By Krissi Khokhobashvili, CDCR PIO II
Photos by Scott Sabicer
Office of Public and Employee Communications
More than 1,500 employees come to work every day ready to help incarcerated men and women earn an education, knowing that doing so is a key component of rehabilitation.
Each day, CDCR’s Office of Correctional Education (OCE) is responsible for educating more than 40,000 incarcerated students, from those who are learning to read to those earning college degrees. In addition to traditional academic programs, CDCR offers numerous vocational programs, known as Career Technical Education programs, including carpentry, masonry, welding, small engine repair, cosmetology and computer literacy.
Just like any teacher in the community, these men and women go above and beyond every day, creating lesson plans, proctoring exams, organizing study groups, planning special events and encouraging every student to keep learning.
Newly appointed OCE Superintendent Shannon Swain has traveled the state as deputy superintendent since 2014, witnessing firsthand the positive benefits of correctional education. She’s a firm believer not only in educating students, but also in empowering educators to try new approaches, contribute to the OCE team as a whole, and to keep learning themselves.
Swain began her career in criminal justice and rehabilitation in 1984 as an assistant program manager at Orange County Youth and Family Services, working with former offenders. She became a teacher within the Contra Costa County Office of Education program, serving as a teacher in county jails and developing a statewide parolee education program.
In 2012 she was hired as a subject matter expert in correctional education at Synergy Technology and Correctional Services, and in 2014 was appointed by Gov. Jerry Brown as deputy OCE superintendent.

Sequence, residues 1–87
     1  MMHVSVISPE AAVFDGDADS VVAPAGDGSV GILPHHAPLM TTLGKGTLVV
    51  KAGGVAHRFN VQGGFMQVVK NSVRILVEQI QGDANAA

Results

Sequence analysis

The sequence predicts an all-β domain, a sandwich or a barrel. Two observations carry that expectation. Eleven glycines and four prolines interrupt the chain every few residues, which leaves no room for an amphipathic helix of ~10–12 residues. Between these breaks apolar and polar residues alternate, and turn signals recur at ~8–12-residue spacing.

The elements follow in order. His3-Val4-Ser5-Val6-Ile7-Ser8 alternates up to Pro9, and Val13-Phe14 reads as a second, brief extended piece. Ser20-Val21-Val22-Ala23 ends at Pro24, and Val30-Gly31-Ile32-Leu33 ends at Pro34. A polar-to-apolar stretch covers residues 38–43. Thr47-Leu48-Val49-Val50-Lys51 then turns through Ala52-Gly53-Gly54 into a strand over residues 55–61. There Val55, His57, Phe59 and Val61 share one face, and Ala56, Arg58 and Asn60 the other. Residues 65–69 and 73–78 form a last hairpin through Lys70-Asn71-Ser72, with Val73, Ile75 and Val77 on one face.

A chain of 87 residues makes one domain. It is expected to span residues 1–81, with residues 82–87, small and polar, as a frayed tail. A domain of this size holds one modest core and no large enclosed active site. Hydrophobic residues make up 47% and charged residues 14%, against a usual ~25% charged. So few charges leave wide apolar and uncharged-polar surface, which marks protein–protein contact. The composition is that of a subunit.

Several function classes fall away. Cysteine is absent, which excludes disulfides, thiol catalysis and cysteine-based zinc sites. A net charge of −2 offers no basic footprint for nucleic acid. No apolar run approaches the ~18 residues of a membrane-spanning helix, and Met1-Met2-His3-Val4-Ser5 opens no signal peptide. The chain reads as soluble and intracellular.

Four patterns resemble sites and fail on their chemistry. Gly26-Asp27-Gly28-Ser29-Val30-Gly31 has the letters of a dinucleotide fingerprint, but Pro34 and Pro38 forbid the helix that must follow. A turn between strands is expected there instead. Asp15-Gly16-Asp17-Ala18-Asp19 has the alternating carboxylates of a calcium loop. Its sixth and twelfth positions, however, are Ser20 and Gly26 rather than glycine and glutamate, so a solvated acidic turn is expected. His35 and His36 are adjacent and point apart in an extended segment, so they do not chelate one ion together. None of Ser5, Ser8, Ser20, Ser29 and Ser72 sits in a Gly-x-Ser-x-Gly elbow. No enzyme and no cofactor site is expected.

Swain took the time to share her thoughts on education, rehabilitation, and what it takes to create a positive learning environment, even inside state prison walls.
You’ve been with the department for nearly four years– what have you learned so far?
I have been consistently impressed by the level of professionalism I have encountered throughout CDCR. I have learned that everybody has a story, and if we provide folks with information, ideas, curriculum, new ways of thinking and/or behaving or working or teaching — and the opportunity to share their gifts and talents, the sky is the limit. This holds true for inmate students as well as staff, teachers, coaches, library staff, correctional officers, administrators – internal and external stakeholders of all kinds. There are so many innovative and successful programs, professional development opportunities, training events, symposia — CDCR is truly a dynamic organization.
What changes or enhancements can we expect at OCE?
The next few years will see continued enhancements to the way our staff and students use technology to enhance learning, introduce new content and curriculum and provide access to industry certifications. Staff and students will all see increased integration of technology in learning and in working. OCE is rolling out the Student Success Initiative, which provides all OCE staff with new ways of communicating, new ways of working together and new tools for improving learning outcomes. The college opportunities available to inmate students will continue to grow, and there is a lot of research and data that indicates college is a great investment to improve public safety, as recidivism drops as college increases. Our Career Technical Education programs will continue to be refreshed, so that equipment and techniques are modernized and students can learn skills that will help them gain meaningful employment as they parole.
OCE is committed to great teaching, to create a culture that embraces continuous improvement, customer focus, and student success. We are committed to creating learning environments to improve learner outcomes.